'Scoob' Review: A joyous tribute to Shaggy and Scooby's timeless friendship and those who grew up with them

An ode to the 90's kids — for those who grew up with these characters, sang the theme song of 'Scooby Doo' and watched Wacky Races. Directed by Tony Cervone, 'Scoob' is a just a joyous tribute to those days gone by and for those who remember it


                            'Scoob' Review: A joyous tribute to Shaggy and Scooby's timeless friendship and those who grew up with them
(Atlast Entertainment)

For those of us who grew up on a diet of 'The Adventures Of Scooby Doo' never grew tired of the format of the show: Something of great value has been robbed, somebody has been kidnapped (usually Daphne), a house would be haunted, and the gang would set off to solve the mystery. Packed with ghosts and "spooky monsters", after watching the show for years, you could predict who would be the "bad guy", or perhaps even before that.

The episodes would invariably conclude with the gang trapping the monster or ghost, pulling the mask off, and *gasp* realizing it was a human all along. Before the bad guy would be taken to the police, he would famously grumble, "Would have gotten away with it, had it not been for you meddling kids..." The cartoon had more such refrains, like "Jeepers Creepers!" or "Jenkies!" Predictable to the last minute, it was still a favorite.

There have been numerous films, animated ones as well as live-action to pay tribute to the fun series. And now, along comes the reboot released on home video, which is or the millennials,  with a side-dish of steaming nostalgia. It's thoroughly enjoyable and quirky, that's the long and short of it. There are some tweaks to the format, however. Along with robots, some twisting of history and epic crossovers from other old animated shows, the film has been made for the woke social-media generation. There is the incessant selfie-clicking, the upload of photos to social media, and the hilarious gasp of 'toxic masculinity' when two men decide to fight it out.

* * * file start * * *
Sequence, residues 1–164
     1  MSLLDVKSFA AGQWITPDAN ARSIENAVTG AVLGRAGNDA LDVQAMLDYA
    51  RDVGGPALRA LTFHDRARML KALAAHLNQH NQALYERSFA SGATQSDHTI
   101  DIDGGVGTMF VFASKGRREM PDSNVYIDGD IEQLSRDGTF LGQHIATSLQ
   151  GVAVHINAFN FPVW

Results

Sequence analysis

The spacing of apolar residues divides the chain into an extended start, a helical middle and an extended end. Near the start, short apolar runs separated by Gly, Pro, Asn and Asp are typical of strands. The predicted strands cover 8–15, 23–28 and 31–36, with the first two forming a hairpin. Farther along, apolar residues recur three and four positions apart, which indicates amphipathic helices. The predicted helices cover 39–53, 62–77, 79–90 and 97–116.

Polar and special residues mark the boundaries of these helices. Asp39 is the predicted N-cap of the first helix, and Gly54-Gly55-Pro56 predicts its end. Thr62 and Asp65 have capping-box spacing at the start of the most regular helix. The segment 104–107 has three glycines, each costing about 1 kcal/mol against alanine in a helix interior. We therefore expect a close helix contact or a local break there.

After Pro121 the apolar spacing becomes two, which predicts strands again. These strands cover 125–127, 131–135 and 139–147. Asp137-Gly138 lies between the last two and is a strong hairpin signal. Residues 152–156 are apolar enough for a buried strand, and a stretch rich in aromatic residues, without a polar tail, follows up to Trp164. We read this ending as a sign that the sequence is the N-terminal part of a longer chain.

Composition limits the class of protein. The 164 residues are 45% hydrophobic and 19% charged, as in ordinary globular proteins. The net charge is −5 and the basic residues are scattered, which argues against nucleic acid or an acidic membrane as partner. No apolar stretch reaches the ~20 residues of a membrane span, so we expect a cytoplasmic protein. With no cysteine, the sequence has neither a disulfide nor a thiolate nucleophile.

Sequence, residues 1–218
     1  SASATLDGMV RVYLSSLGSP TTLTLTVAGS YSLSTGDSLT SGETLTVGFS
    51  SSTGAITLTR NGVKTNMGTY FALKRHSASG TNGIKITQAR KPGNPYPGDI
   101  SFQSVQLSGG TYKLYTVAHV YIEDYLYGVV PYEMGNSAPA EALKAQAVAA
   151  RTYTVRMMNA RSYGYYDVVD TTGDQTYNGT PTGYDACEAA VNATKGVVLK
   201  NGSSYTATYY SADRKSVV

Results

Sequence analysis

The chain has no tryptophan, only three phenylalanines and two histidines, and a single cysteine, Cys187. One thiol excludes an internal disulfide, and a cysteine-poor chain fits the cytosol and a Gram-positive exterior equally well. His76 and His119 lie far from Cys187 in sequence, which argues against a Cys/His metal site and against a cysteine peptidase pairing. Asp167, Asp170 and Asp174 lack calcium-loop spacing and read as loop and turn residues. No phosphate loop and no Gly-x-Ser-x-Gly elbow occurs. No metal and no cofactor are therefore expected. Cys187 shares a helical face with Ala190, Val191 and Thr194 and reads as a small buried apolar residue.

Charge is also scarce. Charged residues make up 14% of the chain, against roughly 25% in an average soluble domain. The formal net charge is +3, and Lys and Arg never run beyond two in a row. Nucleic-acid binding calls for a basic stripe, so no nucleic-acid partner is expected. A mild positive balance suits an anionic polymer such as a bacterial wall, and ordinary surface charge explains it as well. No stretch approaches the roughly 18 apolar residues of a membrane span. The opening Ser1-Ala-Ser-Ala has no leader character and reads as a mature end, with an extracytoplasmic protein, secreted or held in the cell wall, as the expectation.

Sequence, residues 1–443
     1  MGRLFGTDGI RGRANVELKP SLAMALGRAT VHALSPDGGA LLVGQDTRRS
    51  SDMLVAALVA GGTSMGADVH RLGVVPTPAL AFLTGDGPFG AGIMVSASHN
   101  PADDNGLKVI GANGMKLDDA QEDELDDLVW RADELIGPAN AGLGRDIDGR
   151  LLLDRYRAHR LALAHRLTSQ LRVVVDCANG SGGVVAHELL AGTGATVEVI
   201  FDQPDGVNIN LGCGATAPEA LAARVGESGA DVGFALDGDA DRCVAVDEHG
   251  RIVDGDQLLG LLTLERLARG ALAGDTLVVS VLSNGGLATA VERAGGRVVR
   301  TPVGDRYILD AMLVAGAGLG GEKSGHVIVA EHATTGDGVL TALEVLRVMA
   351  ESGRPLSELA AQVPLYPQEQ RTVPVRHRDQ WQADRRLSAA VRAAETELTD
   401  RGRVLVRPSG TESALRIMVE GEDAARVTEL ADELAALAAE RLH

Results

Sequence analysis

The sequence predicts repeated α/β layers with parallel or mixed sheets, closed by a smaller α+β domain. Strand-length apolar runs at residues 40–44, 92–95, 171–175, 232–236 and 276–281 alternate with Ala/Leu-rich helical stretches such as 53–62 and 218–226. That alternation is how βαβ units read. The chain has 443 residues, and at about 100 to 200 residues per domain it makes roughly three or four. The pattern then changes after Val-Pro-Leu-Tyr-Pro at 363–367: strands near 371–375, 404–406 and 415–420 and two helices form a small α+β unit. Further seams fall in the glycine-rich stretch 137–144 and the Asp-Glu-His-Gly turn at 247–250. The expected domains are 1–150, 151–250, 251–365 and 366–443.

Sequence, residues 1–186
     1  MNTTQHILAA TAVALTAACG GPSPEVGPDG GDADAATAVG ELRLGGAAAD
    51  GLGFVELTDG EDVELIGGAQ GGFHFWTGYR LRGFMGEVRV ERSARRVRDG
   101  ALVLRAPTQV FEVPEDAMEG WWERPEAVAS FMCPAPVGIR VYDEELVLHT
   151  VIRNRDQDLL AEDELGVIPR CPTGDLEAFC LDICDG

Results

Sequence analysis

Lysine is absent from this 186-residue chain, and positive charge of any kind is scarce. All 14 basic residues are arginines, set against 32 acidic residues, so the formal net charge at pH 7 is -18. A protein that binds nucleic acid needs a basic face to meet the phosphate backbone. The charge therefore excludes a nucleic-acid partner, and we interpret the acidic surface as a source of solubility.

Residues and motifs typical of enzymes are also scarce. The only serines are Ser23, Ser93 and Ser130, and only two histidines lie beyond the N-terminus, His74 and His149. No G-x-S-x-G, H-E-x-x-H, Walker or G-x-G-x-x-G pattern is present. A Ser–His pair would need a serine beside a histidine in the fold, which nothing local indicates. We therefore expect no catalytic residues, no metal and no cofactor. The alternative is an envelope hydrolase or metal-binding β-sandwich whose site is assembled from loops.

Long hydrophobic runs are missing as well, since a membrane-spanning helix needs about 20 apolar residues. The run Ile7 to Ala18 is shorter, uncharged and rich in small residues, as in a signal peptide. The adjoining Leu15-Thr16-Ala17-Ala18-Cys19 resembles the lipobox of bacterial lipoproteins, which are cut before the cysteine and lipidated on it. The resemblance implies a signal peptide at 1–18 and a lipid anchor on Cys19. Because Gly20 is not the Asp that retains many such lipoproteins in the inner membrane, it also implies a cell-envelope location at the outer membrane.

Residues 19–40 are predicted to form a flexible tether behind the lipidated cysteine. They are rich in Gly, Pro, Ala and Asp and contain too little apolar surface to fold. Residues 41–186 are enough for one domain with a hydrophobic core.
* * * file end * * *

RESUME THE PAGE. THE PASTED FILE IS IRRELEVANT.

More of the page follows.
The story rewinds to the beginning of Scooby (Frank Welker) and Shaggy's friendship. Their friendship is the heart of the film. Shaggy (Will Forte) is a lonely and miserably child listening to sad songs till he runs into a stray puppy. And so, he names him Scooby. Later, he becomes friends with Fred (Zac Efron), Daphne (Amanda Seyfried) and Velma, (Gina Rodriguez) and on Halloween night, they solve a mystery.

The gang's friendship starts there, but faces a rough patch when Simon Cowell wants to invest in their agency, but doesn't approve of Shaggy and Scoob. The dejected duo set off on their own, and tumble into a mystery on their own, with another brand of superheroes, including DynoMutt (remember him?) and Blue Falcon. Dick Dastardly (Wacky Races) is the main villain, and let's say he is a really fun one too. Shaggy and Scooby's friendship is put to the test as well, and they come out looking pretty fine at the end of it all. Their love and affection for each other saves the day. 

Fred isn't the hero here, though he desperately tries to be. He remains the brawn of the team, and Velma remains the brain. Daphne is well.... there.

This was an ode to the 90's kids — for those who grew up with these characters, sang the theme song of 'Scooby Doo' and watched Wacky Races. Directed by Tony Cervone, 'Scoob' is a just a joyous tribute to those days gone by and for those who remember it.

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